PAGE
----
Post by David Mitcham on Jun 9, 2016 13:39:50 GMT -5
Thank you Stewart, Stu and Matt. I'm not sure I have any particular skill in constructing the suspension on my cars - patience and trial and error sums up my technique! Having seen yours builds on this Forum I believe they are the equal of, or better than, anything I've produced.
I use a Weller soldering gun (which has served me well for many years) and I find it works well in most circumstances, provided I don't dwell on the parts when soldering them; having the pieces tinned and a good acid flux really helps. Needless to say a good jig and a jeweller's honeycomb block are vital for keeping everything square and to accurate dimensions. I haven't tried the aluminium foil technique but will do; I occasionally use heat sinks. The material of the Policar chassis and Andi's front end seem quite resistant to heat provided one is quick!
The rear uprights are brass oblong tube 1/8'' wide with small pieces of tube soldered to the top and bottom to locate the suspension links and the radius rods. The oblong tube is drilled oversize for the axle hole and filed near as possible to the shape of the real one. For the front uprights on the BRM I've tried something different by using aluminium cut and filed to represent shape of the originals. I then drilled holes in the upright (with rod glued into the holes) to mount the suspension arms which are a mixture of nickel silver tube and, for the bottom A arms, brass strip and NS tube and rod.
What a marvellous looking car, David, and all the more special because you carved it yourself. My only quibble is with the driver figure. I'm sure Dr. Brooks never drove the BRM with a posture quite so supine, but I understand the compromises of working around the FF-050 motor. It does look like you will have another serious contender for the Concours d'Élégance Gold Medal, and I'm hoping your P48/57 is more competitive on the track as well.
Post by David Mitcham on Jun 28, 2016 10:16:36 GMT -5
Thank you Andi and Stewart. Yes, you're right Stewart, the driver position is not 'correct' and too horizontal; unfortunately a more upright position would have meant no legs and not much body for Dr Brooks plus some sort of motor cover up! It goes well enough on my Ninco track which is quite twisty and it is certainly quicker than last year's P578. Its slightly tail happy - I think the Professor Motor guide may need sliming down a little as I suspect its causing some 'drag'.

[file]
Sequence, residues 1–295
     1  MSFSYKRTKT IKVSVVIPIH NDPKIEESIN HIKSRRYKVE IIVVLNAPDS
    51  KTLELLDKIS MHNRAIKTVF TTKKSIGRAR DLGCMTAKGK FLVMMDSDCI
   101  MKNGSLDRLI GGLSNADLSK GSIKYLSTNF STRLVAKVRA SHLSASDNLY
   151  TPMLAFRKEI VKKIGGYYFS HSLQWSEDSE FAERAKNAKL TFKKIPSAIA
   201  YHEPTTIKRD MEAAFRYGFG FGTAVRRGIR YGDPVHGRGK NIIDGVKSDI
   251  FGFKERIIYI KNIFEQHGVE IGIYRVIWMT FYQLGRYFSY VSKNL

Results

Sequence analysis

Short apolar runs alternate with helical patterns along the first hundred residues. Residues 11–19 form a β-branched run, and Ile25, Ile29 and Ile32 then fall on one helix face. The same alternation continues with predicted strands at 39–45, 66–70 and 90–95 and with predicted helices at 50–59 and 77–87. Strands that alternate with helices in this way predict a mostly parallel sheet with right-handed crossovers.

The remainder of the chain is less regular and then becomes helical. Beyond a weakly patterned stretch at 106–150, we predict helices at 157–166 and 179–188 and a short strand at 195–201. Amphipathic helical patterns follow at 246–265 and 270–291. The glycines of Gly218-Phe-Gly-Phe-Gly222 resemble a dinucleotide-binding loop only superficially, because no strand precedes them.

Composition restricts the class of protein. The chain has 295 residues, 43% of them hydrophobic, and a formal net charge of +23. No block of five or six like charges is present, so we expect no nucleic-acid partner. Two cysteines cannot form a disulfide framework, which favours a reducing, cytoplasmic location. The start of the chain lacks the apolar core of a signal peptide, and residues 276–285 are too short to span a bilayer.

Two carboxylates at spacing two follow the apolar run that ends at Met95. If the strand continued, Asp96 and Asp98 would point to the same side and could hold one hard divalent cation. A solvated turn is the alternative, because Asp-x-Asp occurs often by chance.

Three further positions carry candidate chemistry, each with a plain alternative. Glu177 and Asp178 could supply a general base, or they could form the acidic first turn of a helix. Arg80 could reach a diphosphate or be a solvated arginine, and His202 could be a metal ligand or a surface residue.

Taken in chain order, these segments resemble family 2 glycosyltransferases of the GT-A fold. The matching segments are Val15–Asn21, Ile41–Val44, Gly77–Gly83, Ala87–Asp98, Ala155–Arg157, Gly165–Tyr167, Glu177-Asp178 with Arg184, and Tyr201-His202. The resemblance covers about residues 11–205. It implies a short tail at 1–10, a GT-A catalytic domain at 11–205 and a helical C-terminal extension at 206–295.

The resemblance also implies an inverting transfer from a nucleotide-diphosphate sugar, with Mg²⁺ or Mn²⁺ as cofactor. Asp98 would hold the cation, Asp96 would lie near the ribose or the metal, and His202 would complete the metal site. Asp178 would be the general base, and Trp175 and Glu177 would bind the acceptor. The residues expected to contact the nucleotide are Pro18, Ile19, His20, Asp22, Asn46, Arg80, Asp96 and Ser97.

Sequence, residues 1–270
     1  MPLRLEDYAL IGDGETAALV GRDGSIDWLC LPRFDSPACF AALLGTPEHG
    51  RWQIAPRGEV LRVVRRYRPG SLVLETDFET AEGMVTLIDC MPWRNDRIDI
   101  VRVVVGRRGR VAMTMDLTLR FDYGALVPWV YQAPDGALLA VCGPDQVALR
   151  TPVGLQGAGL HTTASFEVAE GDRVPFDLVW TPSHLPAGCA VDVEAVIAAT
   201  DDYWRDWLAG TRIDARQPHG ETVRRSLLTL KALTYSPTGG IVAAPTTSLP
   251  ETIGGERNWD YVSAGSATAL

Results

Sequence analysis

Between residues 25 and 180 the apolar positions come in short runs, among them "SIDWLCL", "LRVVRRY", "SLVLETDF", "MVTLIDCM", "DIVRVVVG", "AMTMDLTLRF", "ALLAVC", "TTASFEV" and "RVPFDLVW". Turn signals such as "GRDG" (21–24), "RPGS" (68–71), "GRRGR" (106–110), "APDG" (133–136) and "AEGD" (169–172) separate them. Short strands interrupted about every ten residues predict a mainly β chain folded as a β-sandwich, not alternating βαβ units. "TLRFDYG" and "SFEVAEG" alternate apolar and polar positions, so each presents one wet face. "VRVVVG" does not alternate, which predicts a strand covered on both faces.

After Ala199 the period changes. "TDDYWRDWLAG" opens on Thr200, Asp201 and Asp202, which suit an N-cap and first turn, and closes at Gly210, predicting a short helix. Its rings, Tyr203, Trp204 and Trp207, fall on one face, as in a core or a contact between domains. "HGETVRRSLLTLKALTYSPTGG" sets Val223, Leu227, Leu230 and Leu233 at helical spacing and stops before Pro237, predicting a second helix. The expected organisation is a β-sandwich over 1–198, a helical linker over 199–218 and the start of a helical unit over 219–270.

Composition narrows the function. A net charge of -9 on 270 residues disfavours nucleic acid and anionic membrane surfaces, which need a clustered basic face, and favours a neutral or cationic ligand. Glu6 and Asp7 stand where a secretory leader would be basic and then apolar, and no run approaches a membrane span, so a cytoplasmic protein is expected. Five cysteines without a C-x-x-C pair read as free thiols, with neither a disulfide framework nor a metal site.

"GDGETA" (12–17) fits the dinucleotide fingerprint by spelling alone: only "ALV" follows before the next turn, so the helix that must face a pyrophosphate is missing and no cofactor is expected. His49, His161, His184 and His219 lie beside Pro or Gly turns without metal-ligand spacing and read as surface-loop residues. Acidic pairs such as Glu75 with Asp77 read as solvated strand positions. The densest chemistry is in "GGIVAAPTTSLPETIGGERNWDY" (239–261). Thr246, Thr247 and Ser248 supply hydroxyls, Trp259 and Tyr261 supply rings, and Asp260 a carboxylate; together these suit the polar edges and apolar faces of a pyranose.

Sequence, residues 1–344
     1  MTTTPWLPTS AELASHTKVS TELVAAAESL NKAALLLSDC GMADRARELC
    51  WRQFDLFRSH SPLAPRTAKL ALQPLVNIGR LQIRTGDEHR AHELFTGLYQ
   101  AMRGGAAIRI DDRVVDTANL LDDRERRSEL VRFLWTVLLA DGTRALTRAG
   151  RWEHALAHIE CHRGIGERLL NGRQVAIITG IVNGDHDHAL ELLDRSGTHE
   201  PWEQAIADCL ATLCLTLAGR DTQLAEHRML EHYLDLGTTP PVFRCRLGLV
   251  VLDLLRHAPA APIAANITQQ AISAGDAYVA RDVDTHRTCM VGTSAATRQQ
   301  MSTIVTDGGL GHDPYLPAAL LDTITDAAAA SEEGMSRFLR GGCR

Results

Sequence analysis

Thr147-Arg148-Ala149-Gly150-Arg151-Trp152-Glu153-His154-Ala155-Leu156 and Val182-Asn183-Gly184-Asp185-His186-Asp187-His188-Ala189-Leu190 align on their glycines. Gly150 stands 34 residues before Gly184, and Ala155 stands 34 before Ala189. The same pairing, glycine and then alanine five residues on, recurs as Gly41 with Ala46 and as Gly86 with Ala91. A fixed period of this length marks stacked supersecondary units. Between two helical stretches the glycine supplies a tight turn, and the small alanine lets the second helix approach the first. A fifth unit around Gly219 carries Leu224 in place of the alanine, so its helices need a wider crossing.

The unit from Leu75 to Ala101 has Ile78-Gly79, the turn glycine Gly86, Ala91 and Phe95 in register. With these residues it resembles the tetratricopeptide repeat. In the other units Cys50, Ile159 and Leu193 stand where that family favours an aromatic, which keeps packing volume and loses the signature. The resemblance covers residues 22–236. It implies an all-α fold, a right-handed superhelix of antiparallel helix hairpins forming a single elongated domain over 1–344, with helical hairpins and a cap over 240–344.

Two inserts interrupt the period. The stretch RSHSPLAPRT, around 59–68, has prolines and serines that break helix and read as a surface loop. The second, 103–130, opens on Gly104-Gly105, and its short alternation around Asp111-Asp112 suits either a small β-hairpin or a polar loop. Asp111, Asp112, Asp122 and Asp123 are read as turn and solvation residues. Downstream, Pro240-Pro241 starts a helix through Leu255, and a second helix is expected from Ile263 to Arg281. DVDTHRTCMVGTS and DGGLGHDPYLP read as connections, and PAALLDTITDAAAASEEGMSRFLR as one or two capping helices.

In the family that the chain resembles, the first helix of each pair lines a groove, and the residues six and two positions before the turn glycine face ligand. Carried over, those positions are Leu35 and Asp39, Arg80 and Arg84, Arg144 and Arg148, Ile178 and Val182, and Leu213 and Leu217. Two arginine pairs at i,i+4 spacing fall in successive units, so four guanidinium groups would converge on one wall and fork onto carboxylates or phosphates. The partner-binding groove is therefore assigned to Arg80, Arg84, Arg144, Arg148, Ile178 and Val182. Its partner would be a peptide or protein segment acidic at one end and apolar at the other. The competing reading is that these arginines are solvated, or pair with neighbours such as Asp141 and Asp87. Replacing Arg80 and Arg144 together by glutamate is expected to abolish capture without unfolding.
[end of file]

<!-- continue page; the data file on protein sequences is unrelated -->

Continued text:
Post by David Mitcham on Jul 13, 2016 14:36:26 GMT -5
Almost there! The body is complete now after a set back with the paintwork but a bit of a rub down and a clear coat fixed it. All I need to do now is attach the body to the chassis, fix Tony Brooks in position and give it a final shake down on the track. It looks like it will weigh in at about 60 grams.
Post by David Mitcham on Jul 14, 2016 15:08:52 GMT -5
Here's today's progress - on its wheels, driver aboard and tested. Tony still looks a bit too horizontal but its the best I can do without removing his lower half - using the Policar motor pod and gearbox means the motor is a bit further forward than with a conventional set-up. All that remains is the decals - which I have done but I'm waiting for them to dry before taking final photographs to be posted tomorrow.
Post by David Mitcham on Jul 15, 2016 13:50:09 GMT -5
Its finished and here are the photos with the decals in place. Both my cars for the VRAA are now being packed up and accompanying me to Canada next week - we're off to see my eldest daughter - where they will be posted on to Stewart. Special thanks are due to John Warren for the excellent resin casting he made of my carving, without his expertise this car wouldn't exist!
Post by Andrew Rowland on Jul 28, 2016 23:23:48 GMT -5
Sorry missed this question.... Can't remember off hand, but road clearance with 20mm rear wheels was designed to be 1.65mm. If you know the motor height you can work it out... I am on holiday right now with no access to any slot car stuff. Cheers Andi